We need to act now for greener transport tomorrow. The Climate Change Act 2008 stipulates that the UK must achieve an 80% reduction in greenhouse gas emissions by the year 2050 (against a baseline of total emissions in 1990) in order to mitigate the dangerous effects of climate change. Right now the domestic transport sector accounts for over twenty percent of the UK’s total green house gas emissions. By making the transport system greener and more sustainable, the UK will be better placed to achieve its emissions reduction target in the year 2050.
WasteAM’s sustainable transport podcast examines pathways towards a greener transport system in the UK. There are many challenges to overcome such as creaking urban public transport networks, lack of investment in infrastructure, dependence on the car, and congestion, yet by pursuing a sustainable transport policy agenda the UK will help ensure that the transport network of 2050 is more fuel efficient and climate-friendly.
Joddle and Max examine the direction of current transport policy and assess whether it has the potential to make travel in the UK more efficient. Topics of conversation include – electric vehicles, cycle demonstration towns, smart road pricing, biofuels, and rail privatisation.
Joddle and Max thank you for listening and invite your feedback in the comments section below. If you enjoyed the podcast you can help us spread the word with a Facebook, Twitter, or Google + like (you’ll find this immediately below this post). And…If you really enjoyed our green travel podcast you can give us a star rating or review us in the Itunes Store
Regular WasteAM readers will know that I recently went to the European Youth Meeting for Sustainable Development 2011 in Tallinn, Estonia. I was selected as a UK delegate to participate in a working group on waste management, helping to shape a declaration which will be submitted to the Rio 20+ international environmental summit taking place in 2012.
Now, I will be honest with you. I could write some self-promotional prose, gushing about how inspiring the conference was and how lucky I was to take part in it. It is sometimes very tempting to write about news that way, as you won’t offend anybody. But in this case I’ll speak my mind.
All the interesting content of the 5-day conference could have been compressed into two days. Too much of the conference was wasted on pomp and ceremony with a lot of time wasting in between sessions. There wasn’t much substance to the 9-hour days; just a lot of waiting around for someone to give a speech.
It was more of a youth conference than a sustainable development conference. They seemed more interested in getting you to sign up to future youth caucuses (a sort-of play politics) than actually exploring the environmental issues suggested by the conference title, in any meaningful depth.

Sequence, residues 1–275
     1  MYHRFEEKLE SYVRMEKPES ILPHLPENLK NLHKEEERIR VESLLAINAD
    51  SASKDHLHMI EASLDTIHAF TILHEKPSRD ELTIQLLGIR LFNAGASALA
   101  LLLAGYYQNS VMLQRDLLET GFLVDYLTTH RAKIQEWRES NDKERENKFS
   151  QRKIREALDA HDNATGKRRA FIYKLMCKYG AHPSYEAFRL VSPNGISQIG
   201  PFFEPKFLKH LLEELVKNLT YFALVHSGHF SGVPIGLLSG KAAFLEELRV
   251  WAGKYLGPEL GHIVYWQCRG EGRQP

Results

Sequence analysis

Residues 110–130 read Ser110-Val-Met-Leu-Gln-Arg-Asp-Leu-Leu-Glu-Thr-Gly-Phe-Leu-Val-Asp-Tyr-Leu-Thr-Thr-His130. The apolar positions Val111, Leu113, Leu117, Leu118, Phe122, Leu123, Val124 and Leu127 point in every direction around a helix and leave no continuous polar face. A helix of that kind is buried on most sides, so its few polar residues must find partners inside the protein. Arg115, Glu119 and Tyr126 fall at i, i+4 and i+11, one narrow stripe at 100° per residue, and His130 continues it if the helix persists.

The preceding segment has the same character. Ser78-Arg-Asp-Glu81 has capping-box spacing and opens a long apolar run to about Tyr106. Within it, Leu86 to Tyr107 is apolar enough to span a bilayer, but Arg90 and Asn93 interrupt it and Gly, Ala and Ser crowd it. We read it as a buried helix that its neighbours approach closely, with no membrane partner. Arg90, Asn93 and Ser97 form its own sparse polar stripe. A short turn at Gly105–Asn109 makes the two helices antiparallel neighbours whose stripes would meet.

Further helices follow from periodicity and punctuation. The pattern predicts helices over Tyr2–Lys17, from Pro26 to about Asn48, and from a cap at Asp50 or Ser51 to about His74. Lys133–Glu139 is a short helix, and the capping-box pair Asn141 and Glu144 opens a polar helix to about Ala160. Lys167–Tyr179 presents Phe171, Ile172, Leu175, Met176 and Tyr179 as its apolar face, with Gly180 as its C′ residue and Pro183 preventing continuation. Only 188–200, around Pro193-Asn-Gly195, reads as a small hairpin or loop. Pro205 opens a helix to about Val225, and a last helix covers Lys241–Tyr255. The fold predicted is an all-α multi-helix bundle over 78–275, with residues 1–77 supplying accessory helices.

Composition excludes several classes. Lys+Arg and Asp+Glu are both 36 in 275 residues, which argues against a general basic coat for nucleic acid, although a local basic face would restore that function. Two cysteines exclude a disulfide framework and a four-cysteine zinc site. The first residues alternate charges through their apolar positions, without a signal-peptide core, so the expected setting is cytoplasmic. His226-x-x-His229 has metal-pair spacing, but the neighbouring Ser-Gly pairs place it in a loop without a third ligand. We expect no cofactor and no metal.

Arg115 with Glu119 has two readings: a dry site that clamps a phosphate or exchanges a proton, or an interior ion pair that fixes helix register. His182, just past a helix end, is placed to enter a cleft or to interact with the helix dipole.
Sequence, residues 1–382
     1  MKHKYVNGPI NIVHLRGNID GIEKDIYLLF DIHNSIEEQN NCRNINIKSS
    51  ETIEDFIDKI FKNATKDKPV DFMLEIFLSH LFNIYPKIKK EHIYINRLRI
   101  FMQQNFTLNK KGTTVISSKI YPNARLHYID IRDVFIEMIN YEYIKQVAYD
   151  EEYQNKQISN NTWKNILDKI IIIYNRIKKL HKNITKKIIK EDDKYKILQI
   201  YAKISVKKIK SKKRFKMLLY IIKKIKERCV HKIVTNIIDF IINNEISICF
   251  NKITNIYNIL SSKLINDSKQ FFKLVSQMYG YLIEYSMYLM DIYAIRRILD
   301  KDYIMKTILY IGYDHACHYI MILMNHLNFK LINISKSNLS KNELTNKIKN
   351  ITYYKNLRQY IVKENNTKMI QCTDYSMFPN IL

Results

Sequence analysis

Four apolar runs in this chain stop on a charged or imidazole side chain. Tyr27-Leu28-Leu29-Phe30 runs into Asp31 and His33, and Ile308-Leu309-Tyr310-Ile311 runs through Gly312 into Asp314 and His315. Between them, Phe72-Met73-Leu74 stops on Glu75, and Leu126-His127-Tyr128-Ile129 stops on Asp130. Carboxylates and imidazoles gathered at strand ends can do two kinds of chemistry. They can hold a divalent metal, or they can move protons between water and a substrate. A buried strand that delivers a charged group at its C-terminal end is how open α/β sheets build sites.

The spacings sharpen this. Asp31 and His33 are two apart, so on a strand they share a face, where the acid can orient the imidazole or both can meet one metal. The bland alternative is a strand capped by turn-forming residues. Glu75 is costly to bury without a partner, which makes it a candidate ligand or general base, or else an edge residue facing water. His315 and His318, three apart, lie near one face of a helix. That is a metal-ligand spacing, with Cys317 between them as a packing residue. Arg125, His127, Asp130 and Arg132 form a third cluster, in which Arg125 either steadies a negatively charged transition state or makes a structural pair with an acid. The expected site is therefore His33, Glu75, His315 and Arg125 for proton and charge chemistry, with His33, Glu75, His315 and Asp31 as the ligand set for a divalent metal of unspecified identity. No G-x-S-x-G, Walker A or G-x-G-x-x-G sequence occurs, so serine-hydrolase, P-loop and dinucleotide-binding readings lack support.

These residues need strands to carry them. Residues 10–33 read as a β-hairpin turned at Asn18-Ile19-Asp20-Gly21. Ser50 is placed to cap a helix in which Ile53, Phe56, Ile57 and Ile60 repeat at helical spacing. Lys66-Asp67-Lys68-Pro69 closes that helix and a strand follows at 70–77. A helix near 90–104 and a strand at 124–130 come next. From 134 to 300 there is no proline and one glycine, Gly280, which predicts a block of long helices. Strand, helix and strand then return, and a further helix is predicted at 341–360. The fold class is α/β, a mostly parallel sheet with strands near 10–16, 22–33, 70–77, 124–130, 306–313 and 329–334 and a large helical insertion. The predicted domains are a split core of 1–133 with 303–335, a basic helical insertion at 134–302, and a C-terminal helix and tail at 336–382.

The waste management working group was the single interesting aspect of the conference. I enjoyed sharing ideas and opinions with the other people in the working group. Nobody was expert on the subject (this had its pros and cons) but most were at least waste fanatics, which meant they were enthusiastic about proposing policy ideas that would change our wasteful cultures and squanderous, short-term mindset that wastes resources today and doesn’t consider tomorrow.
I had the expectation that (most) of my European friends would have a more radical standpoint on the waste issue than myself. I found quite the opposite to be true. The outlooks expressed were totally dependent on the nationality of delegate. Those from poorer nations with underdeveloped infrastructure wanted improved recycling facilities. You can keep improving recycling but it doesn’t serve to change the behaviour which causes us to waste a lot in the first place.
Until most people can think beyond recycling, they are unable to think about the bigger picture.
A lot of my proposals didn’t make it into the final declaration (we voted on consensus). Moreover, the policy proposals that make it into the final document are a watered-down version of the things we proposed. This is a missed opportunity – shouldn’t a youth voice be ambitious and distinctive?
There was no consensus to incorporate a policy proposal to prevent rich countries from sending their toxic waste to developing countries. There wasn’t enough in it to make manufacturers accountable for the waste and crap they produce and we buy. We didn’t even discuss industrial waste. We also weren’t bold enough to ban the use of PVC in consumer goods.
I posted our recommendations yesterday and invite your comments! Over the next few weeks I’ll explore our policy proposals in greater depth
Here are the recommendations of the Waste Management working group I participated in at the European Youth Meeting for Sustainable Development in Estonia 2011. What do you think?
I welcome your comments on our policy ideas to tackle waste, and will also be going into greater depth to explain the thinking behind the proposals in future posts